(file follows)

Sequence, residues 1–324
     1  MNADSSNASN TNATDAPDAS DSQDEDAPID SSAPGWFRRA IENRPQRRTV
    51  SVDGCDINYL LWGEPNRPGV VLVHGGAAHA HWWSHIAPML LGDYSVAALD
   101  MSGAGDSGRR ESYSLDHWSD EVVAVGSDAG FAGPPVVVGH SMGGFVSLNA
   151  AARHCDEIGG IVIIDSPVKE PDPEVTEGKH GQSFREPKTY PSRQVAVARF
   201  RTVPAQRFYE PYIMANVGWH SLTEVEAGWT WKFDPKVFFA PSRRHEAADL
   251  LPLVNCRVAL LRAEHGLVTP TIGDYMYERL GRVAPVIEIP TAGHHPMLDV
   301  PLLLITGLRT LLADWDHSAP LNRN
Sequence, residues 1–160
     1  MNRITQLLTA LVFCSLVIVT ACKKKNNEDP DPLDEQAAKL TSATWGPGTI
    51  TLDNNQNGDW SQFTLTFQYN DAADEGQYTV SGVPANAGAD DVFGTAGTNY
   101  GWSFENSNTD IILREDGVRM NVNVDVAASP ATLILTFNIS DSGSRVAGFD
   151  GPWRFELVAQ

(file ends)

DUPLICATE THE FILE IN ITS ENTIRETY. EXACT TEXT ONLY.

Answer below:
Sequence, residues 1–324
     1  MNADSSNASN TNATDAPDAS DSQDEDAPID SSAPGWFRRA IENRPQRRTV
    51  SVDGCDINYL LWGEPNRPGV VLVHGGAAHA HWWSHIAPML LGDYSVAALD
   101  MSGAGDSGRR ESYSLDHWSD EVVAVGSDAG FAGPPVVVGH SMGGFVSLNA
   151  AARHCDEIGG IVIIDSPVKE PDPEVTEGKH GQSFREPKTY PSRQVAVARF
   201  RTVPAQRFYE PYIMANVGWH SLTEVEAGWT WKFDPKVFFA PSRRHEAADL
   251  LPLVNCRVAL LRAEHGLVTP TIGDYMYERL GRVAPVIEIP TAGHHPMLDV
   301  PLLLITGLRT LLADWDHSAP LNRN
Sequence, residues 1–160
     1  MNRITQLLTA LVFCSLVIVT ACKKKNNEDP DPLDEQAAKL TSATWGPGTI
    51  TLDNNQNGDW SQFTLTFQYN DAADEGQYTV SGVPANAGAD DVFGTAGTNY
   101  GWSFENSNTD IILREDGVRM NVNVDVAASP ATLILTFNIS DSGSRVAGFD
   151  GPWRFELVAQ